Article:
Death in J K Rowling's Harry Potter series

Death, loss and grief are never far from the surface of the Harry Potter books. Harry is an orphan. The loss of his parents has led to his being brought up by his mother's uncaring aunt and her husband in household where he is shown no love or even kindness. Recalling how Harry's mother and father died, killed by the evil Lord Voltemort, Hagrid, the gamekeeper at Hogwart's School, is reduced to tears. At his first Christmas at Hogwarts, Harry is given an invisibility cloak which had belonged to his father; an anonymous note pinned to the gift explains, 'Your father left this in my possession before he died'. Harry's first knowledge of what his parents were like occurs when he finds the magical mirror of Erised ( a reflection of desire) and sees his parents in its glass. 'He had a powerful kind of ache inside him, half joy, half terrible sadness'. In his first encounter with Voldemort, Harry learns that his mother died trying to save him. Death is pictured by the headmaster of Hogwarts, Dumbledore, as 'like going to bed after a very very long day' and 'the next great adventure'.

Hogwart's school has a number of harmless (and in some cases quite amusing) ghosts. In the second book, Harry Potter and the Chamber of Secrets, one of these, Nearly Headless Nick,holds a Deathday Party to mark the five hundredth anniversary of the day he died. The plot focuses on a mysterious Chamber of Secrets hidden somewhere at Hogwarts. When it was last opened fifty years ago, someone died. We find out that it was Moaning Myrtle, the ghost of a girl who haunts one of the girls' lavatories, who died then.

Despite being evil, where Harry is on the side of Good, Voldemort is, in some ways like Harry and in this book we find that he, too, was brought up as an orphan - his mother died just after he was born.

The third book, Harry Potter and the Prisoner of Azkaban, is the darkest in the series up to this point. Sirius Black, imprisoned in Azkaban for murders he is alleged to have committed - has escaped and for most of the book it seems that Harry is in danger. Black is thought to have betrayed Harry's parents to Voldemort and to want now to kill Harry.

The book introduces the Dementors, guards from Azkaban, who can drain their victims of all happiness. When he encounters a Dementor, Harry relives the deaths of his parents.

But all is not as it seems! Sirius, who is Harry's godfather, is innocent and seeks only to protect Harry from the real betrayer, Peter Pettigrew, who is at Hogwarts School in the form of Ron Weasley's pet, rat Scabbers. Towards the end of the book, Harry has the chance to kill Pettigrew. He chooses not to do so. However great an enemy Pettigrew is, he was once Harry's father's friend and Harry has no wish to take a life.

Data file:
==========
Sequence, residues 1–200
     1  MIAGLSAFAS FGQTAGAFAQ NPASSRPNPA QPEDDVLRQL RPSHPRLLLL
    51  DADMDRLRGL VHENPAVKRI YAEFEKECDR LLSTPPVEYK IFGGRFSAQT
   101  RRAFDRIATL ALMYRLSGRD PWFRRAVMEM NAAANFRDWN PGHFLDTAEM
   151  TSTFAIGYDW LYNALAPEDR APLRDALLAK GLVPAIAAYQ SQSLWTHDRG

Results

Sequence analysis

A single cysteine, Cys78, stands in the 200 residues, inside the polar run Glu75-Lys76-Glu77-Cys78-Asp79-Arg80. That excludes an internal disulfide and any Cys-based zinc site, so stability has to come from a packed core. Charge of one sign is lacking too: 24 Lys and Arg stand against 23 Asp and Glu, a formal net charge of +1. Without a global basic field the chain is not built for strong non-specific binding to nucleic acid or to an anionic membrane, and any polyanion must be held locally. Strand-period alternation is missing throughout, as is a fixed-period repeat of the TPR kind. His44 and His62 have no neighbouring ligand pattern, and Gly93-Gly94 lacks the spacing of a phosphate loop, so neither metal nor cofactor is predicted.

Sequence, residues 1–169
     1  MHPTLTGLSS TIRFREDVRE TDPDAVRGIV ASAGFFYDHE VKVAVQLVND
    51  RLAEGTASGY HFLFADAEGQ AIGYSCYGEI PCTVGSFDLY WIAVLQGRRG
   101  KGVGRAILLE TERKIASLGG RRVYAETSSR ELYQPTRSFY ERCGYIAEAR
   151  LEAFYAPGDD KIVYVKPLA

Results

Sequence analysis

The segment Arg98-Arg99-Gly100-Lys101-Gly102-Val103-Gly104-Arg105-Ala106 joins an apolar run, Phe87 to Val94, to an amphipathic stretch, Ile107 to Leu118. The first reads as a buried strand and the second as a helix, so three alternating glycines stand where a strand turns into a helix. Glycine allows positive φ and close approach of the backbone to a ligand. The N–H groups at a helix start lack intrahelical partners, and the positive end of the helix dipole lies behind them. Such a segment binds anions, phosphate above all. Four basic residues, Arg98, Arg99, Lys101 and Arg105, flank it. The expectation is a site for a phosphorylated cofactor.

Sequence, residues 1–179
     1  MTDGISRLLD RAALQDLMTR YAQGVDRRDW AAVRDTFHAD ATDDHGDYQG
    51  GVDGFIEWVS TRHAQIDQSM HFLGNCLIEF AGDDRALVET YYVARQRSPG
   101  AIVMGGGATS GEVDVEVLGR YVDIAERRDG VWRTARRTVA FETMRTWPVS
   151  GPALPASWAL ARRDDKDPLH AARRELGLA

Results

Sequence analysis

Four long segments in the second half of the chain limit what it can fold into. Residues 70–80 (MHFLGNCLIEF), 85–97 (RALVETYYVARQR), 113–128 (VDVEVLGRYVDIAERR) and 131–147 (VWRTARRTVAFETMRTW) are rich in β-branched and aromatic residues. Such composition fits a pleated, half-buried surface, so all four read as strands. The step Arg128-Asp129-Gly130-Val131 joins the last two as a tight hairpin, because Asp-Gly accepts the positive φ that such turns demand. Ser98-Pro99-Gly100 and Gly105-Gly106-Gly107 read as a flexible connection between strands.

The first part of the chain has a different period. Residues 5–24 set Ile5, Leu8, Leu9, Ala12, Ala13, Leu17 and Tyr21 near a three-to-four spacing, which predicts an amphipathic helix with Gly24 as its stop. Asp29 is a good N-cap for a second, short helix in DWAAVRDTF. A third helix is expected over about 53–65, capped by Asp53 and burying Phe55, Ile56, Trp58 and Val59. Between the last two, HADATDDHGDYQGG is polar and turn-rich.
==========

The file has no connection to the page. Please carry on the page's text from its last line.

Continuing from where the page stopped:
There is an episode where Harry is surrounded by Dementors and he conjures up a Patronus - a guardian spirit - which drives them away. For a moment he thought the Patronus was his father but then realises that it is himself. Dumbledore asks Harry:
'You think the dead we have loved ever truly leave us? You think we don't recall them more clearly than ever in times of great trouble? Your father is alive in you, Harry, and shows himself most plainly when you have need of him.'

In the fourth book, Harry Potter and the Goblet of Fire, it is clear that Harry has an enemy within Hogwarts itself who want to bring about his death: Harry's name is mysteriously placed in the Goblet of Fire amongst those of older pupils who want to compete in the dangerous Triwizard Tournament. Although under the specified age, Harry is chosen, together with Cedric Diggory, to represent Hogwarts. At the end it is Cedric Diggory who dies. Headmaster Dumbledore delivers a short eulogy to the assembled school.'Cedric was a person who exemplified many of the qualities which distinguish Hufflepuff House..He was a good and loyal friend, a hard worker, he valued fair play.' He then tells the students that Cedric was murdered by Voldemort. Harry survives the terrifying encounter.

The headmaster of Hogwarts dies in the sixth book, Harry Potter and the Half-blood Prince . There is a moving account of his funeral at the end of the book:

Bright white flames had erupted around Dumbledore's body and the table upon which it lay: higher and higher they rose, obscuring the body. White smoke spiralled into the air and made strange shapes: Harry thought, for one heart-stopping moment, that he saw a phoenix fly joyfully into the blue, but the next second the fire had vanished. In its place was a white marble tomb, encasing Dumbledore's body and the table on which he had rested.

There were a few more cries of shock as a shower of arrows soared through the air, but they fell far short of the crowd. It was, Harry knew, the centaurs' tribute: he saw them turn tail and disappear back into the cool trees. Likewise the mer-people sank slowly back into the green water and were lost from view.

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